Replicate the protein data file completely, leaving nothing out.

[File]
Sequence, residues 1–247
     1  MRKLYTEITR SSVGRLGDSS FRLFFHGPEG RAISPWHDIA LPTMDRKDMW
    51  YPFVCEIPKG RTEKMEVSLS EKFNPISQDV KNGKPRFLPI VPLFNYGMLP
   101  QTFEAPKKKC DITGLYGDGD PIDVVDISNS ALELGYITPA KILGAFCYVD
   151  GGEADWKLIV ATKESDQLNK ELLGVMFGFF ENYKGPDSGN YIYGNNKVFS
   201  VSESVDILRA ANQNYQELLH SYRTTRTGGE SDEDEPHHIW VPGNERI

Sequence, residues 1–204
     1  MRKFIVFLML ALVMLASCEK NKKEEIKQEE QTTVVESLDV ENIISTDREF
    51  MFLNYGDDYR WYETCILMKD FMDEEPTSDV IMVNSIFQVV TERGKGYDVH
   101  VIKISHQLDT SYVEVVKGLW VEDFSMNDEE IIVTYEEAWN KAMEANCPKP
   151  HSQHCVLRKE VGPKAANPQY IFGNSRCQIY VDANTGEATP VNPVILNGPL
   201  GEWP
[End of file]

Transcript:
Sequence, residues 1–247
     1  MRKLYTEITR SSVGRLGDSS FRLFFHGPEG RAISPWHDIA LPTMDRKDMW
    51  YPFVCEIPKG RTEKMEVSLS EKFNPISQDV KNGKPRFLPI VPLFNYGMLP
   101  QTFEAPKKKC DITGLYGDGD PIDVVDISNS ALELGYITPA KILGAFCYVD
   151  GGEADWKLIV ATKESDQLNK ELLGVMFGFF ENYKGPDSGN YIYGNNKVFS
   201  VSESVDILRA ANQNYQELLH SYRTTRTGGE SDEDEPHHIW VPGNERI

Sequence, residues 1–204
     1  MRKFIVFLML ALVMLASCEK NKKEEIKQEE QTTVVESLDV ENIISTDREF
    51  MFLNYGDDYR WYETCILMKD FMDEEPTSDV IMVNSIFQVV TERGKGYDVH
   101  VIKISHQLDT SYVEVVKGLW VEDFSMNDEE IIVTYEEAWN KAMEANCPKP
   151  HSQHCVLRKE VGPKAANPQY IFGNSRCQIY VDANTGEATP VNPVILNGPL
   201  GEWP